For many years, Cape Cut Rate drug store was located in a three-story brick building on the southwest corner of Broadway and Sprigg Street.
Missourian archives show the building was constructed around 1871, possibly as William Theuerkauf's bakery. The 1871-72 City Directory lists his bakery at that corner. The book "Old Lorimier Cemetery" notes that Theuerkauf died in 1889, and that his daughter, Hermine Bremermann, purchased all of his "house and kitchen furniture, articles in the bakery and store and warehouse."
By 1893, Henry Martens was operating a bakery at that location with members of his family. Martens also used the upper floors of the three-story building as a hotel.
In 1902, the building was "extended and remodeled." Shortly after this, in 1905, Ed Dowling, an expert candy maker, opened a candy and ice cream factory in part of the building.
The Martens family apparently got out of the bakery and hotel business about 1910. The federal census for that year lists Henry as a teamster with a transfer company in Cape Girardeau.
A story from 1960 notes that the Model Grocery was opened at that location in 1915 by C.W. Braun, F.F. Braun and Robert Deevers. While at that spot, the grocery was in close proximity to three other markets: W.T. Hammonds Store, the Piggly Wiggly, and the Conservation Store. Finally, in January 1935, Model Grocery moved two blocks east to 721 Broadway.
Three years later, Max Blitstein moved his Cape Cut Rate drug store to 701 Broadway from 729 Broadway. At the time, the corner building was owned by F.F. Braun. (A second Cape Cut Rate store was at the southeast corner of Good Hope and Sprigg streets.)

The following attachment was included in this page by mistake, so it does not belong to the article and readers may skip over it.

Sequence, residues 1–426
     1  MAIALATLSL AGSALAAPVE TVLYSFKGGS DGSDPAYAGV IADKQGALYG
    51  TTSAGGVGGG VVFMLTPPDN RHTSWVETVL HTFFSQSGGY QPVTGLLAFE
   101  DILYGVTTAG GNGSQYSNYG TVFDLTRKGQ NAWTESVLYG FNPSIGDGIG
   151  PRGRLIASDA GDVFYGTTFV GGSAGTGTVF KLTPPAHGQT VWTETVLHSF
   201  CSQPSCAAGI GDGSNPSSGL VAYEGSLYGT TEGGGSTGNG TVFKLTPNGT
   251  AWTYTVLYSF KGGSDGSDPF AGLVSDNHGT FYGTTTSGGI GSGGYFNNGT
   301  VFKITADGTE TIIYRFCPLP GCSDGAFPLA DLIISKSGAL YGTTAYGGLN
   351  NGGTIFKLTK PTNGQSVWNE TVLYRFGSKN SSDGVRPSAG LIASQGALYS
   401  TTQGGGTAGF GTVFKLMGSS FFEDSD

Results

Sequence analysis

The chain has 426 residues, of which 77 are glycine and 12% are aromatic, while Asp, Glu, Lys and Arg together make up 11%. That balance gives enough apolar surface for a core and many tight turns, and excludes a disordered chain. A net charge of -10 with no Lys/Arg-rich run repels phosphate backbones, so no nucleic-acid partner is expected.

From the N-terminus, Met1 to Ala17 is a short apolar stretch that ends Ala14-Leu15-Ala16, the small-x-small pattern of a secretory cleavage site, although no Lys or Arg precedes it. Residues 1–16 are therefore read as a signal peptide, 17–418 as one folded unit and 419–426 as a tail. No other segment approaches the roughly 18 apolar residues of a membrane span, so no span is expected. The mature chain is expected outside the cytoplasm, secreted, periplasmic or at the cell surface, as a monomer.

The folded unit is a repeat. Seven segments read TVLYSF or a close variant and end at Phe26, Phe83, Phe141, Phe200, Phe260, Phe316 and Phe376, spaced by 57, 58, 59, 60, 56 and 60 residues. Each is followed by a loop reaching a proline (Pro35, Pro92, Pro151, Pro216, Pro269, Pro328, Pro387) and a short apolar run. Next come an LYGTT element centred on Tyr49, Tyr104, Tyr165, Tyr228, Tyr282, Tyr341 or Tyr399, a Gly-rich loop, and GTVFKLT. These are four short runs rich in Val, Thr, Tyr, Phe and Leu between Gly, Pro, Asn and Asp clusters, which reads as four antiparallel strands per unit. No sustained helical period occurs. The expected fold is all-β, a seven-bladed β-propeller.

Cape Cut Rate suffered two devastating fires at the Broadway-Sprigg Street location, the first in 1941 and the second in 1976. It was this latter blaze that finally spelled the end to Cape Cut Rate on Broadway.
The first fire occurred Jan. 3, 1941:
Cape Cut Rate continued at the same location, even updating the repaired building in 1961 with a new, modern front. But on Nov. 25, 1976, a fire that started near the furnace raged through the first floor that housed the drug store and forced the evacuation of the upper floor rooms of the Cape Hotel. Twenty or more residents were rousted from their sleep, as smoke poured into the upper stories. Only two of the residents were injured, as were eight firefighters.
All of the residents lost everything to the extensive smoke and water damage. The first-floor drug store was gutted.
The wreck of the once-proud structure remained standing for almost a year, until the owners had it torn down in October 1977.
(Missourian photo by Phil Nash)
It gave way to the present building, which has housed Subway Sandwiches & Salads since May 1997.